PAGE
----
The government has announced tougher sentences in a bid to stamp out a trend for temporary apartment brothels, most staffed by women lured from poorer parts of Asia
By Beh Lih Yi
KUALA LUMPUR, Nov 7 (Thomson Reuters Foundation) - Singapore is clamping down on landlords whose rental flats serve as "pop up" brothels but campaigners said on Thursday it would do little to help the women who are trafficked into sex work.
The government announced tougher sentences this week in a bid to stamp out a trend for temporary apartment brothels in the city state, most staffed by women lured from poorer parts of Asia with a false promise of legal work.
Their emergence fits a global pattern of vice gangs using city flats hidden far from sight, advertising sex services on hard-to-trace websites and apps, then turning huge profits by selling trafficked women and children for sex.
Under laws passed on Monday, home owners or landlords whose Singapore premises are used for prostitution now face stiffer penalties, including jail terms and fines.
"The law is good to deter people but there are bound to be people who would still want to commit the crime," said Michael Chiam, the executive director of anti-trafficking group Hagar International in Singapore.
"The girls are afraid to go to the police on their own because they know they owe the traffickers a lot of money and the traffickers know their family back home," he told the Thomson Reuters Foundation by phone.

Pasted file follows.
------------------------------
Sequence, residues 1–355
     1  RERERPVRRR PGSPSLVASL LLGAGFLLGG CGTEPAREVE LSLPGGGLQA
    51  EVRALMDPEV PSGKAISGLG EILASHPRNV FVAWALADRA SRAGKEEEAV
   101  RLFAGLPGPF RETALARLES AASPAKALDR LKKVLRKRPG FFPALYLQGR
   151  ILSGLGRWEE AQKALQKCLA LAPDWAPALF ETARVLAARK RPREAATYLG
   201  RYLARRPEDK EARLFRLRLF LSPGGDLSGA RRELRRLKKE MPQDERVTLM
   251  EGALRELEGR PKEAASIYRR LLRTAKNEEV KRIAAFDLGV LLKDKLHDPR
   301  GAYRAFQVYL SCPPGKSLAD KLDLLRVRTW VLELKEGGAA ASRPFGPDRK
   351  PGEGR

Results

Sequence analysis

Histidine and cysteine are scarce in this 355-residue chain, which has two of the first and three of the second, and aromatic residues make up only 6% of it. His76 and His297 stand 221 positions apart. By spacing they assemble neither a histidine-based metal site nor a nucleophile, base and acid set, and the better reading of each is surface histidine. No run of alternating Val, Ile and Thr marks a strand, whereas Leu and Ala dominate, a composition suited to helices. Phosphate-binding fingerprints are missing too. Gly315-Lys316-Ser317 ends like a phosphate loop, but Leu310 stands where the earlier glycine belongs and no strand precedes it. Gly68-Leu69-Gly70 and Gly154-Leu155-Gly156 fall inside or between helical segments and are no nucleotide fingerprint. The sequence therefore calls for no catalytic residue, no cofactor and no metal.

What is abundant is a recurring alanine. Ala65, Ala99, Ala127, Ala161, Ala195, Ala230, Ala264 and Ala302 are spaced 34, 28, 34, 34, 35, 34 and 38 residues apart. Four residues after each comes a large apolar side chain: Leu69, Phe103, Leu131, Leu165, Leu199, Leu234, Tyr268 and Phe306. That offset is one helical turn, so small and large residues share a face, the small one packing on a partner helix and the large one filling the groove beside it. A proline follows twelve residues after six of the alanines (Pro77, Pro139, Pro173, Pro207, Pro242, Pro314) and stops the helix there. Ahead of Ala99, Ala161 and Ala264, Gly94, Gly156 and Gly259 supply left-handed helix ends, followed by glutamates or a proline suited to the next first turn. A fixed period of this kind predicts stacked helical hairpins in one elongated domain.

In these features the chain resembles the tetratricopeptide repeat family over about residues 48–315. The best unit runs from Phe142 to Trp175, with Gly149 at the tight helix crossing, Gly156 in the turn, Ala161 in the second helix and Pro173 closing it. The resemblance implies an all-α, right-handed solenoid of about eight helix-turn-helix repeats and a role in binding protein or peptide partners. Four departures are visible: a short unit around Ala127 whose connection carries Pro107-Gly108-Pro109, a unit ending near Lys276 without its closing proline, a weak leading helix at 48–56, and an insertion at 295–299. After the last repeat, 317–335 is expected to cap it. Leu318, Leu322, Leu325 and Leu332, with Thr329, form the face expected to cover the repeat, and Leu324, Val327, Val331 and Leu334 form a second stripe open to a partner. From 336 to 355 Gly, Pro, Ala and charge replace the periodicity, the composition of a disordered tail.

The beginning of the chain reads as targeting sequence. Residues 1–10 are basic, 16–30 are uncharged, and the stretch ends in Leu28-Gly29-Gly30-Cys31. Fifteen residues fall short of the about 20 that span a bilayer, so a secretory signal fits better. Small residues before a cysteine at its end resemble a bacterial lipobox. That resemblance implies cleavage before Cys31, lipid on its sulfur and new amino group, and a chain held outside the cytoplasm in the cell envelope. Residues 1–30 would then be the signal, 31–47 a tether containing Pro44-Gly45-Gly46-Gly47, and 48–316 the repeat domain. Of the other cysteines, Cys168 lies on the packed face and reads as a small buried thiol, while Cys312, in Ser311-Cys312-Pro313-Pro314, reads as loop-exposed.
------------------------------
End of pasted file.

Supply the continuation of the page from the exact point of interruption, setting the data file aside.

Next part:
The "pop up" sex shops - on the rise in anonymous housing estates in ordinary neighbourhoods - are a far cry from the controlled "red light" district in suburban Singapore.
But they fit a wider trend for short-term brothels that let gangs evade police whilst retaining control of business.
Last year, Airbnb said it would invest in new technology to tackle sex trafficking at its short-term rental properties, with thousands of brothels uncovered from London to New York.
Prostitution is not illegal in Singapore but soliciting, pimping or owning a brothel are criminalised.
Women from poor parts of Asia are often lured to Singapore with promises of better pay and the city's wholesome image.
Many fall victims to trafficking, paying hefty fees to middlemen who fail to secure legal work documents then scare them into sex work to pay off debts accrued en route.
Instead of targetting the syndicates, the government should offer immunity to encourage the women to speak out, said Vanessa Ho from Singapore-based sex workers' advocacy group, Project X.
"At the end of the day it's the women who continuously get arrested and deported," said the group's executive director.
"Sex workers would not willingly go to the police to say these are the men that brought me to Singapore because when they do that, they are liable to be arrested and deported."
Singapore was ranked 'Tier 2' in the latest U.S. Trafficking in Persons Report for not fully meeting minimum standards when it comes to eliminating human trafficking.
The Singapore government said the tougher penalty was aimed at vice syndicates that use technology to evade enforcement.
The number of women arrested for prostitution through an online platform jumped to 55% last year from 16% in 2015, official data shows.
Most were arrested in residential estates.
Under the new law, owners of pop-up brothels face a maximum jail term of seven years and a fine of S$150,000 ($110,000).
($1 = 1.3567 Singapore dollars) (Reporting by Beh Lih Yi @behlihyi; Editing by Lyndsay Griffiths. Please credit the Thomson Reuters Foundation, the charitable arm of Thomson Reuters, that covers humanitarian news, women's and LGBT+ rights, human trafficking, property rights, and climate change. Visit http://news.trust.org)
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